Bioaccumulation

There are places where toxin levels are high enough that entire food sources must be avoided.[1]

Bioaccumulation is when the concentration of chemicals increases within an organism or species. This can occur when toxic substances are ingested.[2] These toxic substances are very difficult for organisms to excrete, therefore, accumulate in their tissues. One common pollutant that bioaccumulates is mercury, which specifically accumulates in fish. Organic compounds and metals can both bioaccumulate.

Bioaccumulation vs Biomagnification

An important result of bioaccumulation is biomagnification. This describes when toxins magnify upward in the food chain—whereas bioaccumulation describes when toxins accumulate within a single organism.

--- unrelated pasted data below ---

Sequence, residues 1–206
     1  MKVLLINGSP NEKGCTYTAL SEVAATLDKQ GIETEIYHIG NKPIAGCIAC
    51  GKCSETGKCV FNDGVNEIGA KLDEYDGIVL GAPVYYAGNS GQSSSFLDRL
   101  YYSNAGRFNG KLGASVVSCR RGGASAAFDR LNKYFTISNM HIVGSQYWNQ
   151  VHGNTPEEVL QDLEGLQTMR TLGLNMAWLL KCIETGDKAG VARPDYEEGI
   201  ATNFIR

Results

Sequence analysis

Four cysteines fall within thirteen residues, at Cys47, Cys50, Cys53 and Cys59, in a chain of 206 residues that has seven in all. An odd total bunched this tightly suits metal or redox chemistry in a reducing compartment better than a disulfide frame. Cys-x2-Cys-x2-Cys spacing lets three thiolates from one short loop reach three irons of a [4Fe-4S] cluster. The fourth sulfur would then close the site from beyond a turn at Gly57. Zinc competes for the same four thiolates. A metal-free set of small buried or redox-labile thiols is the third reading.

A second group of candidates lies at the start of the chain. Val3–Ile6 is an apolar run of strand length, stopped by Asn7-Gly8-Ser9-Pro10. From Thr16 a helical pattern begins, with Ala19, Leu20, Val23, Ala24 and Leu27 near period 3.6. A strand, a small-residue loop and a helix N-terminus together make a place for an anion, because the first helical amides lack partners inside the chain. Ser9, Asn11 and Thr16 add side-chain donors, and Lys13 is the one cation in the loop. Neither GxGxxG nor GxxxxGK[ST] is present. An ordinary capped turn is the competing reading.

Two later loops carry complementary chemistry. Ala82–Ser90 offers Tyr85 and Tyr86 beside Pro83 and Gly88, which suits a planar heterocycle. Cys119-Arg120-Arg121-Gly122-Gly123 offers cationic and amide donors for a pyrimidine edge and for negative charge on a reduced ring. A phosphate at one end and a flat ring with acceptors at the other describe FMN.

Biomagnification is a very closely related idea. To learn more about it, click here.

For Further Reading


References

  1. Cleanmarine internet:http://www.cleanmarinekrill.co.uk/blog/where-does-your-fish-oil-come-from-researchers-warn-of-higher-levels-of-toxins-in-larger-fish
  2. D. Mackay and a. Fraser, “Bioaccumulation of persistent organic chemicals: mechanisms and models,” Environmental Pollution, vol. 110, no. 3, pp. 375–391, Dec. 2000.

Authors and Editors

Bethel Afework, Jordan Hanania, Braden Heffernan, James Jenden, Kailyn Stenhouse, Sumaya, Jason Donev
Last updated: January 4, 2019
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